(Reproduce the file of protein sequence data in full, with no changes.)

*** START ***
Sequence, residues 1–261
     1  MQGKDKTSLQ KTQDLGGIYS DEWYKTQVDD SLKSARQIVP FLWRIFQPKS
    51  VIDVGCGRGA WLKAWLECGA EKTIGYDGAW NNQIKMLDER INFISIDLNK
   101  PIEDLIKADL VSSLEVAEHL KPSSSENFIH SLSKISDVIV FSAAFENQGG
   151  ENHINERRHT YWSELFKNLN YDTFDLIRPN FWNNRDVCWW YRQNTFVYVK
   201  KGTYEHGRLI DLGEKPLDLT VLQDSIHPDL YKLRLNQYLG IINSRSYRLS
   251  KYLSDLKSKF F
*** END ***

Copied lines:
Sequence, residues 1–261
     1  MQGKDKTSLQ KTQDLGGIYS DEWYKTQVDD SLKSARQIVP FLWRIFQPKS
    51  VIDVGCGRGA WLKAWLECGA EKTIGYDGAW NNQIKMLDER INFISIDLNK
   101  PIEDLIKADL VSSLEVAEHL KPSSSENFIH SLSKISDVIV FSAAFENQGG
   151  ENHINERRHT YWSELFKNLN YDTFDLIRPN FWNNRDVCWW YRQNTFVYVK
   201  KGTYEHGRLI DLGEKPLDLT VLQDSIHPDL YKLRLNQYLG IINSRSYRLS
   251  KYLSDLKSKF F